# Resistive timescale

The resistive timescale is the typical time for the diffusion of a magnetic field into a resistive plasma. Based on Faraday's Law,

${\displaystyle {\frac {\partial {\vec {B}}}{\partial t}}=-{\vec {\nabla }}\times {\vec {E}},}$

Ohm's Law,

${\displaystyle {\vec {E}}=\eta {\vec {j}},}$

where η is the resistivity (assumed homogeneous), and Ampère's Law,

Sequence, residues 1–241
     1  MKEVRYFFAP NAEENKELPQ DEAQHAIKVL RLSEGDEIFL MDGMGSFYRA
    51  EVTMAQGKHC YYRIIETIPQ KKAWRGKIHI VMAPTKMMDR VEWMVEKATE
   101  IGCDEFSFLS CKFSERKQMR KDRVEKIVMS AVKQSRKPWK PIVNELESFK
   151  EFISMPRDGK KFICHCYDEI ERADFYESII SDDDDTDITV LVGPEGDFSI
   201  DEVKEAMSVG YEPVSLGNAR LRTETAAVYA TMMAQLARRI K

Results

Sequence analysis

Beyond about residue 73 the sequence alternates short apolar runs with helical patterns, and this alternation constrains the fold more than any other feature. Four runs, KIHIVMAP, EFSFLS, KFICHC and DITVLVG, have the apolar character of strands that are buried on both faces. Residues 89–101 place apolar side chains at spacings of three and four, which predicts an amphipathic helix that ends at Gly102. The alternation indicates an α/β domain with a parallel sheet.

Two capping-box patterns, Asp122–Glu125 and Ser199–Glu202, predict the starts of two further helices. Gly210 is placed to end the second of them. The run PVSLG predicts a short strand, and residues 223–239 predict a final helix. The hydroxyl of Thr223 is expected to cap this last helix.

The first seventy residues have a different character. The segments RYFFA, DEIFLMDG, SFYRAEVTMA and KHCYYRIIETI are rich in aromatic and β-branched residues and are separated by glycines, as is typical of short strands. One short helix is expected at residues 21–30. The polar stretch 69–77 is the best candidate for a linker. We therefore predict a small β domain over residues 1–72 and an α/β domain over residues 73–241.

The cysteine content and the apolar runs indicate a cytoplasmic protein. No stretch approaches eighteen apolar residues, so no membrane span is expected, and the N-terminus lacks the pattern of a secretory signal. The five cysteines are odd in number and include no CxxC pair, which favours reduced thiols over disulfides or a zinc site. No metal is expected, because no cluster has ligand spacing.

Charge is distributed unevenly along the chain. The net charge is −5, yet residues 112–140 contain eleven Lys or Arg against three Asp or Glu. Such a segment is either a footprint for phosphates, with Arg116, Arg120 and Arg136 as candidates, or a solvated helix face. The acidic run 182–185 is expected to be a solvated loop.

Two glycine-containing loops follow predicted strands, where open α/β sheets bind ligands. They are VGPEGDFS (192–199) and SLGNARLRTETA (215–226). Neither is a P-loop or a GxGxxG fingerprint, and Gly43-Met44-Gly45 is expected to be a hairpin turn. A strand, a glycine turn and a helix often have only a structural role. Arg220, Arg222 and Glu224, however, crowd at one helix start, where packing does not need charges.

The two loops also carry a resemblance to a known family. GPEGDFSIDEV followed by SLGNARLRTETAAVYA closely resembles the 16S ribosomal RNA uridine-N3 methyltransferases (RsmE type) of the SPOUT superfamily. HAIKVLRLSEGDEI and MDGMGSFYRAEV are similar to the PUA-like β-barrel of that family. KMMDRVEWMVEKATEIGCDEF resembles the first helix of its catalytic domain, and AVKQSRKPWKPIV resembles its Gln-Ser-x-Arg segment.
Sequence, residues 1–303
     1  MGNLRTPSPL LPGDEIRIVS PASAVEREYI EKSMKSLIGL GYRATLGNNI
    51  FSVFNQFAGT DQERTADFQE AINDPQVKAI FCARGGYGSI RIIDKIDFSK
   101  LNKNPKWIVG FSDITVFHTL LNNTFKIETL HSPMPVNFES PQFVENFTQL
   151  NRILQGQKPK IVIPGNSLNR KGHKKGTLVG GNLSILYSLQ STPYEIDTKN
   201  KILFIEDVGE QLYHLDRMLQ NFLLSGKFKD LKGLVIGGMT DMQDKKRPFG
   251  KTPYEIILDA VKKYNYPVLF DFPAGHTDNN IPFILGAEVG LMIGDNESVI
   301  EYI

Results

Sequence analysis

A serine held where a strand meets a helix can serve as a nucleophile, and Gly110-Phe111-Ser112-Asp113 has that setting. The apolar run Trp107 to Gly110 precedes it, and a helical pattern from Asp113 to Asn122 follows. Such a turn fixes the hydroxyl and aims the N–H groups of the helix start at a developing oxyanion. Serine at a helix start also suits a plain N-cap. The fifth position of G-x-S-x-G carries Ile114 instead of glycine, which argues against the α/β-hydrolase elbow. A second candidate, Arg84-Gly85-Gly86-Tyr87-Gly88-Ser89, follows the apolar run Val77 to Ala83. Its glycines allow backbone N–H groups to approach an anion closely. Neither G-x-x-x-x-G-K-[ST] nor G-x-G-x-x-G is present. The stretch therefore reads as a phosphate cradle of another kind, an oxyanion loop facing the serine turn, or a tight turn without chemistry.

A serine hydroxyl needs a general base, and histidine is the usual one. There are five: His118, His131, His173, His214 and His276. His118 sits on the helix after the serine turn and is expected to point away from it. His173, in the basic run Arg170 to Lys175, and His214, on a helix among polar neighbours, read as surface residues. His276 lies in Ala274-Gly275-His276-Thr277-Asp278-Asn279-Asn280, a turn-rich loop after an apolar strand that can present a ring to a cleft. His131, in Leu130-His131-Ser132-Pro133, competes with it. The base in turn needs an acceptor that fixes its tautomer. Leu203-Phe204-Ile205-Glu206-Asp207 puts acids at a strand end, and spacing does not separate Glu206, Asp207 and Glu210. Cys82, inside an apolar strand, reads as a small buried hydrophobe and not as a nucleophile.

${\displaystyle {\vec {\nabla }}\times {\vec {B}}=\mu _{0}{\vec {j}},}$

one immediately derives a diffusion type equation for the magnetic field:

${\displaystyle {\frac {\partial {\vec {B}}}{\partial t}}=-{\frac {\eta }{\mu _{0}}}{\vec {\nabla }}\times {\vec {\nabla }}\times {\vec {B}}={\frac {\eta }{\mu _{0}}}\nabla ^{2}{\vec {B}},}$

since

${\displaystyle {\vec {\nabla }}\cdot {\vec {B}}=0.}$

From this, one can deduce the typical timescale

${\displaystyle \tau _{R}\simeq {\frac {\mu _{0}L^{2}}{\eta }}.}$

Here, L is the typical length scale of the problem, often taken equal to a, the minor radius of the toroidal plasma.